SCORES & OUTDOORS: The poor, misunderstood, unappreciated brown bat

 

brown bat

Roland D. Halleeby Roland D. Hallee

While sitting around a campfire with family last weekend, the conversation, for some insane reason, resorted to bats, and the many myths and misbeliefs attached to them.

Bats have long been maligned by humans, a taboo, a creature to be shunned. These little furry animals that fly seemed to be half bird, half mammal, and looked ugly – which they are.

But today, they are being given their proper recognition as valuable to mankind in the ecological system. Many plants, such as bananas, are dependent on bats for pollination because they bloom at night. Bats are responsible for 95 percent of the reforestation of the tropical rain forest through their dispersal of seeds.

Their immediate appeal to most people is their enormous capacity for consuming insects. A nocturnal animal, bats eat when the insects are out, as opposed to birds, which eat during the day. Some bat species consume half their weight in a night – as many as 600 or more gnat-sized insects an hour.

A single little brown bat, Myotis lucifugas or a big brown bat, Eptesicus fuscus, some of the most abundant and widespread bats in North America, can eat 3,000 to 7,000 mosquitoes each night, and a bat can live to be 20 years old. That’s a pretty effective insecticide, especially when you consider that it doesn’t poison other creatures or make holes in the ozone layer.

Bats are also misunderstood creatures that are generally quite harmless to people. They do not become entangled in your hair, nor do they attack humans. Contrary to misconceptions, disease transmission from bats to people is easily avoided. Never handle bats, and the odds of being harmed will be extremely remote.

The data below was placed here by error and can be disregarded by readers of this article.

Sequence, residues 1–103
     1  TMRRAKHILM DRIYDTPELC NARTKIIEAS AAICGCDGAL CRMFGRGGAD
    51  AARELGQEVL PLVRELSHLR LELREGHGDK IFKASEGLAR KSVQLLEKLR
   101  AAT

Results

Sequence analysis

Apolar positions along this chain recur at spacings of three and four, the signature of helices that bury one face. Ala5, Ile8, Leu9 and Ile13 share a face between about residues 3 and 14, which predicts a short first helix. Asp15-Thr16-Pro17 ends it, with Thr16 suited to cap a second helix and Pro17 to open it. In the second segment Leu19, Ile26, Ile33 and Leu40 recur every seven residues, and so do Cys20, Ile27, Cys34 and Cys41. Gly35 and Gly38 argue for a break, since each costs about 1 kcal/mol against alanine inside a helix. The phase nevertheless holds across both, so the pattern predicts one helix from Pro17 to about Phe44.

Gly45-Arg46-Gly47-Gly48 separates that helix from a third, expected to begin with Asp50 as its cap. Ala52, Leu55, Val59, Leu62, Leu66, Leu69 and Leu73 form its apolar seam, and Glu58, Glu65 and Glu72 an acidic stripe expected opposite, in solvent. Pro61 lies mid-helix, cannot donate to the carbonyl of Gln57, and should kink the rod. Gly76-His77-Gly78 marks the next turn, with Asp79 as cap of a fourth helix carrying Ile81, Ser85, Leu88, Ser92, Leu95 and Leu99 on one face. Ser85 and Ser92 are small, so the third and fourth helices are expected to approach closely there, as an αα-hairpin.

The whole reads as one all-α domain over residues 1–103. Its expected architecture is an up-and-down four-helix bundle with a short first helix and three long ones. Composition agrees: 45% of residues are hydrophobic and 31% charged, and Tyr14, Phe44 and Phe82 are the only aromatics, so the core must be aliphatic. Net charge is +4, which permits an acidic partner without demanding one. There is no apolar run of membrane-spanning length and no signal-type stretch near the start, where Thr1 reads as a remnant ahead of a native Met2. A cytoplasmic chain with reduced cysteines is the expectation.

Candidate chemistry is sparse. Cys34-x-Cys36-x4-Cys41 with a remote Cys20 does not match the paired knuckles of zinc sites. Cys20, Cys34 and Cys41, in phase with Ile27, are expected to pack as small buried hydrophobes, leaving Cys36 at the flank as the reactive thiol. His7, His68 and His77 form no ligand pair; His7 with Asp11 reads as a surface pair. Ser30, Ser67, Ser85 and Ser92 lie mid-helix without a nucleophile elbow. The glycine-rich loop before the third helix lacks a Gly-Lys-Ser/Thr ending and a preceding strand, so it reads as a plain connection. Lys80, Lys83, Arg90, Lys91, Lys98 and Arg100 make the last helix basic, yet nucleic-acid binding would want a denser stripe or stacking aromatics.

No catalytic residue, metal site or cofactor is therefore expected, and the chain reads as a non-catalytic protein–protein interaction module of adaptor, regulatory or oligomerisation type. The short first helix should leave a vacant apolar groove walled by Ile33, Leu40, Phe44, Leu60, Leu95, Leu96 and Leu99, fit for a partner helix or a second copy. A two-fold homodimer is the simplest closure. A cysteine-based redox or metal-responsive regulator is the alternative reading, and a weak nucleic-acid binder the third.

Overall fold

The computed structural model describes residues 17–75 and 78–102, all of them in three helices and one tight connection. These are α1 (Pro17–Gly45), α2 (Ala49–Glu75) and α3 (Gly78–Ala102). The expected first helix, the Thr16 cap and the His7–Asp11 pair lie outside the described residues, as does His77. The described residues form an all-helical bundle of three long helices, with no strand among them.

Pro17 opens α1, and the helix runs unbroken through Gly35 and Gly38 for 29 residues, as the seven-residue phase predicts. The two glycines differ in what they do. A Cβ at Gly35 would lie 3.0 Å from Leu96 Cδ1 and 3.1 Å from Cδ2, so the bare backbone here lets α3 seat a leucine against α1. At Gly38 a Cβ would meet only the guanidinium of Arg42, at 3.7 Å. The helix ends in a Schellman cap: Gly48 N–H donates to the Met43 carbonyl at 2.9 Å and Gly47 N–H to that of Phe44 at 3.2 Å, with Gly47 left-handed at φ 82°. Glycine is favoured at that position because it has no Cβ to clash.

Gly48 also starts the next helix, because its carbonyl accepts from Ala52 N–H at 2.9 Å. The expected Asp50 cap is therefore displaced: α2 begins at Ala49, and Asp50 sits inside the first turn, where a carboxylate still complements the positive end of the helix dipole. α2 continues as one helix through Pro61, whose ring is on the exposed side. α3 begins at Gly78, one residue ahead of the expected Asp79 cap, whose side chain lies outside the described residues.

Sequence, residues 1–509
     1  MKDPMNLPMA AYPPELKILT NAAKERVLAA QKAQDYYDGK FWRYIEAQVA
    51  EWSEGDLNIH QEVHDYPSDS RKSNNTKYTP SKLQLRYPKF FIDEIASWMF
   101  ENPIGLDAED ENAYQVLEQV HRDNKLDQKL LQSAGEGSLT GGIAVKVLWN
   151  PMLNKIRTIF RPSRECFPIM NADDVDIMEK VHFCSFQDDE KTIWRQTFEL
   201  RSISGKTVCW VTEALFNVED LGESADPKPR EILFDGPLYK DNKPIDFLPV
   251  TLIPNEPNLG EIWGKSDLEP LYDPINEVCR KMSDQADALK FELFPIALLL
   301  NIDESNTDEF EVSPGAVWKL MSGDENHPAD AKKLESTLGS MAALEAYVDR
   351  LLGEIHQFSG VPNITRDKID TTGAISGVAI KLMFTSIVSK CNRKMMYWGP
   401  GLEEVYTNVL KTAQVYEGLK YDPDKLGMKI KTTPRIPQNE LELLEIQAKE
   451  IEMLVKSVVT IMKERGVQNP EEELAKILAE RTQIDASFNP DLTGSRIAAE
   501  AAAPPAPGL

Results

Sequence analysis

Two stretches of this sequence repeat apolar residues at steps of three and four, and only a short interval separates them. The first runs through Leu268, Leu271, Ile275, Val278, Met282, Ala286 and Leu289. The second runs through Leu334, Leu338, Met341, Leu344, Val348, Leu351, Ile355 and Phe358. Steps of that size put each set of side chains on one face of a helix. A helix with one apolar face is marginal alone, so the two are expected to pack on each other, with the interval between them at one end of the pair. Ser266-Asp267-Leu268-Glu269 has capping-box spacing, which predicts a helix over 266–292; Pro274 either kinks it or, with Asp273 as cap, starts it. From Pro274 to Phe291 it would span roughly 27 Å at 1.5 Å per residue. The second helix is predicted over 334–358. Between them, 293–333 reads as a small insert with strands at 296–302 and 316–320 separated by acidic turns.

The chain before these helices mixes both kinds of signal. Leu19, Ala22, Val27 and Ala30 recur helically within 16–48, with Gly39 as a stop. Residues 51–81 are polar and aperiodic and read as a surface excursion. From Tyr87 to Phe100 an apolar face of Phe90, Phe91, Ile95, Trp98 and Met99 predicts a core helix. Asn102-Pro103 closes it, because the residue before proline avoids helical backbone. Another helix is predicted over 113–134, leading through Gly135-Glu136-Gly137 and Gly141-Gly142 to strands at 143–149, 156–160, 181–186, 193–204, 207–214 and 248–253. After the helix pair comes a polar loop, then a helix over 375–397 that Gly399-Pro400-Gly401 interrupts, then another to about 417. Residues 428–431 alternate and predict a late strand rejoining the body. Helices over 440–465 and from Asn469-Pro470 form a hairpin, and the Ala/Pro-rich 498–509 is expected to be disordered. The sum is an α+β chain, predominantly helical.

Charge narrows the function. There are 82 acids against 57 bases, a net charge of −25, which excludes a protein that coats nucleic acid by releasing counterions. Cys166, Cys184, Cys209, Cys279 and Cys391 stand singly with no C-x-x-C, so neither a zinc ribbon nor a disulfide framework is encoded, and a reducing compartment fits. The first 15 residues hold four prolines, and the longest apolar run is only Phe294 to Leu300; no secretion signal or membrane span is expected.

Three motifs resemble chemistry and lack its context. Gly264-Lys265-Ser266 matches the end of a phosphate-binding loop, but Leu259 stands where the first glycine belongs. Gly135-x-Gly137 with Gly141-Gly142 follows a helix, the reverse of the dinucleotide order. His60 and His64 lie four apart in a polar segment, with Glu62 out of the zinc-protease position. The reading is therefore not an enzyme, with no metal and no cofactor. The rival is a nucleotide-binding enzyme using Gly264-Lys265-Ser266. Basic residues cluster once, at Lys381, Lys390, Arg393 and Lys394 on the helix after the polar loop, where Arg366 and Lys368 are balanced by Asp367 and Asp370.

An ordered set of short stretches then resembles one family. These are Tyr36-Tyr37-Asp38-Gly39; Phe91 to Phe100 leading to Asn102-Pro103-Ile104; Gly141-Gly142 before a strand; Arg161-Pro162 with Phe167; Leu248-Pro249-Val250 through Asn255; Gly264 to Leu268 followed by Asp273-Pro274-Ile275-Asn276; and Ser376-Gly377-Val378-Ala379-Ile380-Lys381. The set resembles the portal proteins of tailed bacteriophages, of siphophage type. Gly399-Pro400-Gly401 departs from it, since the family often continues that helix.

Over the last 40 years, public health records show that only 16 people in the United States and Canada have died of bat-borne diseases. That means the odds of anyone dying from a bat bite are pretty slim.

In the Orient these gentle animals are symbols of good luck, long life and happiness. They are meticulous in their grooming, spending a fair part of the day and night combing and grooming their fur.

When bats fly, they navigate by means of a sophisticated echo location system. The bats send out signals of sound energy, which are reflected back, giving it the location of an object as well as its texture and other characteristics. They can avoid a single human hair with extreme accuracy, even in total darkness, contrary to the myth that bats are blind.

Macrobats like the large fruit bats love to eat ripe fruits. As the seeds pass through them, they spread them all over the forest. A fruit bat can disperse thousands of seeds to help replant the forests they live in. Unfortunately, with the loss of rain forests, these bats are endangered because of loss of habitat.

Bats also help farmers. Microbats eat mosquitoes, moths, locust and grasshoppers. Such bugs can destroy crops and spread disease. The American farmer’s biggest pest is the corn earworm moth. One bat can eat 20 female moths a night, reducing the number of crop eating caterpillars.

And, forget everything you’ve ever heard about vampire bats. Vincent Price and Boris Karloff, in their vampire movies, did a lot to give the bats a bad reputation.

There are lots of stories about vampire bats that drink blood. Vampire bats do exist, but are three species out of about 1,000 from the bat family. They mostly live in South America – not Transylvania – and feed on the blood of farm animals. A vampire bat does not suck blood. They usually walk up to the animal while they are asleep, and use their sharp teeth to puncture the skin and lick the blood. Their saliva has a blood thinning chemical that scientists are studying.

So, you see, all the bad rap is unfair. The bat is actually a friend, not a foe.

Roland’s trivia question of the week:

Mookie Betts recently hit for the cycle in a game; Brock Holt did it in 2015. Who was the last Red Sox player to do it before?

Answer can be found here.

 
 

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